The “Mystery of Life” is Still a Mystery for the Supreme Court

Part I of II

by John D. Shea

“Personhood” and its corresponding rights are among the most controversial and yet seemingly illusive topics in current Supreme Court criticism. The Supreme Court’s definition of “Personhood” is like its definition of pornography – “it’s hard to define, but you know it when you see it.” The Supreme Court has purposely side-stepped defining human personhood in most of its abortion jurisprudence. However, it has shown no such reluctance in granting increasingly significant aspects of legal personhood to corporations, in controversial recent cases such as Citizens United v. Federal Election Commission.

Any reasonable person would assume that the Supreme Court, when it decided that the U.S. Constitution contained a powerful right to abortion-on-demand, dealt carefully and thoroughly with the question of fetal personhood and clearly and unambiguously denied it. And that reasonable person would be completely wrong. Fetal life – and personhood – is very much an open question in Constitutional Law.

This surprising state of affairs is due to the intellectual gymnastics required to justify a “right” to abortion under U.S. law. The Supreme Court focuses almost exclusively on “privacy rights,” to the exclusion of almost any other considerations. Roe v. Wade actually leaves the question of fetal personhood largely unresolved. The court briefly mentions, and then ignores, the argument that the fetus is a human life. “We need not resolve the difficult question of when life begins,” the Court says. Because the scientific and theological community is “unable to arrive at any consensus, it should be sufficient to note briefly the wide divergence of thinking on this most sensitive and difficult question.” The court instead proceeds with the “less rigid claim” that “potential life” is deserving of some protection. Technically, the Court’s analysis of whether a fetus has any technical legal personhood is an entirely separate matter. But it is similarly neglected. The Court simply notes that there is no explicit Constitutional text or Supreme Court case law on point and from that assumes that the unborn child is not a legal person (§ IX-A).

This is, of course, an astounding abdication of legal judgment over the most central question of the case. The Court has basically said that “this question is controversial, so we don’t need to answer it.” This head-in-the-sand attitude continues with Planned Parenthood v. Casey. Casey, in revisiting the rationale of Roe, deliberately refuses to answer the question of fetal personhood. The Court instead opines that it is beyond the government’s competency to decide such a fundamental question. “Beliefs about [meaning, the universe, and the mystery of human life] could not define the attributes of personhood were they formed under compulsion of the State.”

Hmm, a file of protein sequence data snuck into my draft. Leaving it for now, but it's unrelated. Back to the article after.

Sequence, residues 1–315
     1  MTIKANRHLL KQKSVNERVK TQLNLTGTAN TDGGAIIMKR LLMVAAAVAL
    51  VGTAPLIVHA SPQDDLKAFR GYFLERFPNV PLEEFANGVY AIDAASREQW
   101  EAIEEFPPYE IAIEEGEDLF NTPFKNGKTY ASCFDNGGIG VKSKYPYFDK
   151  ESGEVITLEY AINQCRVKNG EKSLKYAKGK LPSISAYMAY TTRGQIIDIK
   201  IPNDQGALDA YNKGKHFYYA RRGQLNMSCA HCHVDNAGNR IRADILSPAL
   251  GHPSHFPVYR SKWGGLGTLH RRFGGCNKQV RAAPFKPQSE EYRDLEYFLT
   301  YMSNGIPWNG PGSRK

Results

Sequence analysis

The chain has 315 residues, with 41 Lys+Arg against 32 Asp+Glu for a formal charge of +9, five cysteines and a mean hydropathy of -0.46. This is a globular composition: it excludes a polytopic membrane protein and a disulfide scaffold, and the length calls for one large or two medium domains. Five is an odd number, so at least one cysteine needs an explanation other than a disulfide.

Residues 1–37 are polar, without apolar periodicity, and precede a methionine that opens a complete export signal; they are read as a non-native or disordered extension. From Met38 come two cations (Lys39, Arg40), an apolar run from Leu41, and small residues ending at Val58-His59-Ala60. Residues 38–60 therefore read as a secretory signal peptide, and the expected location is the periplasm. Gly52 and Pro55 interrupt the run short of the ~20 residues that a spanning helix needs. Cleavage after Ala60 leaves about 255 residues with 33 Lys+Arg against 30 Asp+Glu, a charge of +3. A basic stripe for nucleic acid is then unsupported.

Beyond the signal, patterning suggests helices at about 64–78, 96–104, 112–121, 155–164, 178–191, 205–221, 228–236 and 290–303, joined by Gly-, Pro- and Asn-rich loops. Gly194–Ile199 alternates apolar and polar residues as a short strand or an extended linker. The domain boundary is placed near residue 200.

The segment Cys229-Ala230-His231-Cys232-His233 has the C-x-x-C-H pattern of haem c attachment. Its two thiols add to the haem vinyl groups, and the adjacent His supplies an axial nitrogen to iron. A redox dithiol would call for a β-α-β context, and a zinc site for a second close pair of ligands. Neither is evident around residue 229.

Keen-eyed observers will note that this famous “sweet mystery of life” passage seems to conflate “life” with “personhood”, a central point of anti-abortion logic. Indeed, if “life” and “legal personhood” are to be considered equivalent terms, the pro-life position becomes logically unassailable. Further compounding the stupor-inducing impact of that passage, Casey uses the terms “life”, “potential life” and “life or potential life” interchangeably throughout the decision.

This amazing display of judicial restraint on an important question appears to grant to each (born) person a fantastic liberty to act freely upon their conception of any fundamental metaphysical question. But this has not been the case in American law. The denying of  civil rights for racial minorities based on their supposed less-than-human status is harshly (and justly) punished. One can only assume that “meaning and the universe” means only the field of embryology. What, then, are we to make of this as-yet-unresolved, and indisputably important, constitutional question? Three basic approaches have arisen in the past several decades: one, Constitutional Amendments endorsing full fetal personhood; two, an interpretation of the Fourteenth Amendment to include pre-born children as “persons”; and the third, a clever legislative theory from Prof. Robert George.

The central philosophical tenet of the pro-life movement is that the unborn child is a human person with the right to life. This seemingly obvious fact is not actually contradicted by current Supreme Court case law on abortion. The Court prefers to ignore or sidestep the issue and focus on the rights of the pregnant mother instead. This logical sleight-of-hand gives those who recognize the personhood of the unborn an opportunity to speak out in charity and truth.


In Part Two, Mr. Shea will discuss the three most prominent approaches to defining the “personhood” of unborn children, and explores some of the legal and political advantages, challenges, and nuances of each strategy. 

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